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  • Writer's pictureHunter Friesen

"Saving Private Ryan" Throwback Review

French film critic and director (The 400 Blows), François Truffaut, touted that America was incapable of making a film that didn’t glorify war, specifically saying that “there is no such thing as an anti-war movie.”

Considering the films that were being produced around his time, it's easy to see why Truffaut would have that opinion. Henry Fonda and John Wayne were starring in films such as The Longest Day, The Green Berets, and The Dirty Dozen, which depicted strong, strapping men leading their troops into heroic battle to topple tyranny. Those movies made kids want to be soldiers, as reality was replaced with spectacle.

Unfortunately, Truffaut died in 1984, just before Oliver Stone had his one-two punch of Platoon and Born on the Fourth of July, and Steven Spielberg delivered the definitive American World War II film in Saving Private Ryan.

The firm ideals of bravery and good ol' American patriotism are not traditionally found within Saving Private Ryan. Instead, Spielberg, along with screenwriter Robert Rodat, offers something not usually found within a war film: humanity. While still an action film at its heart, the mind of the film is centered on philosophy, as opposed to pure entertainment. The titular mission of extracting Pvt. James Ryan isn't an honorable one. It doesn't take a genius to see the flawed math of risking the lives of eight men to save one. Spielberg and Rodat don't dance around that thought, and also find time to analyze the themes of doing your duty and the futility of war.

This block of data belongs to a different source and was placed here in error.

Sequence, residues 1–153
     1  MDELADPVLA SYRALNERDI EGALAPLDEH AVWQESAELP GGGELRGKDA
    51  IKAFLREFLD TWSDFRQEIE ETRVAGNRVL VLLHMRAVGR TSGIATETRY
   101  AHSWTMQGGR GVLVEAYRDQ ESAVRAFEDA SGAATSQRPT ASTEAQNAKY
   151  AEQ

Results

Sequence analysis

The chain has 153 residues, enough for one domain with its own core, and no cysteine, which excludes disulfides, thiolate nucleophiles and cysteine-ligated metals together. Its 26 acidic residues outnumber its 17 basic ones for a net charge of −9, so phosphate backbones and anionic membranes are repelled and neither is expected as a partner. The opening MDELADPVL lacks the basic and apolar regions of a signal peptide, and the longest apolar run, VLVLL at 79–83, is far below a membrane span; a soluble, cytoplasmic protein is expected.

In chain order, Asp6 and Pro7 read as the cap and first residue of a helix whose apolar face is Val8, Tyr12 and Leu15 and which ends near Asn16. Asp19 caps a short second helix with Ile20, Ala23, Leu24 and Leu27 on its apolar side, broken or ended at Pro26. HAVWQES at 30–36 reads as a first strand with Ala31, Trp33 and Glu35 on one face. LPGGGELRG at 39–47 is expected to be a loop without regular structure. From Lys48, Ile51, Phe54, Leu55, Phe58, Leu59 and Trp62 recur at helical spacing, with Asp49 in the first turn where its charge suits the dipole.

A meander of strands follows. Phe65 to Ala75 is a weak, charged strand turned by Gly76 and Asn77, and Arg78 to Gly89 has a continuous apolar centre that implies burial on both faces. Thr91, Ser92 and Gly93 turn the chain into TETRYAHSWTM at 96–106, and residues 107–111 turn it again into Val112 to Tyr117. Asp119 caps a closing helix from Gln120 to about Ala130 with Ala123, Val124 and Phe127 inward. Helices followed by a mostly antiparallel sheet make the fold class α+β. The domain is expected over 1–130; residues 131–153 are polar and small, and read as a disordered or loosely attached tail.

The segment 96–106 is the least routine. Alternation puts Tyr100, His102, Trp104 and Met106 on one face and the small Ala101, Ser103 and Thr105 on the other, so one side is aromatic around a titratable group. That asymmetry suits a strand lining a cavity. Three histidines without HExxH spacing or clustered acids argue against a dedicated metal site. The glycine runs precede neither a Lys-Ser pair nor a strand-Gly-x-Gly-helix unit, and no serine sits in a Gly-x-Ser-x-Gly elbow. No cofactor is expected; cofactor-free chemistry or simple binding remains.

None of this is to say that the men in this movie aren't brave. It takes a lot of guts and courage to do what they did, which is why we have a day to honor them. But they don't carry out their mission out of their love for the stars & stripes. They do it because they have to. It's an order, and orders must be followed.

There's a character named Upham within the film. He's the squad translator and doesn't have the same fighting spirit as the rest of his fellow compatriots. There are times when you get mad at him for not being tough or getting the job done flawlessly. But I would bet many of us would be more like him than John Wayne when the time comes.

Within the film, there are no individual heroes, only real men fighting to keep themselves alive for just another moment. The opening set piece is one of the greatest ever produced, with chaotic camerawork, editing, and sound design. It's no wonder no film has attempted to portray D-day since, as Spielberg has set the bar at an unassailable height.


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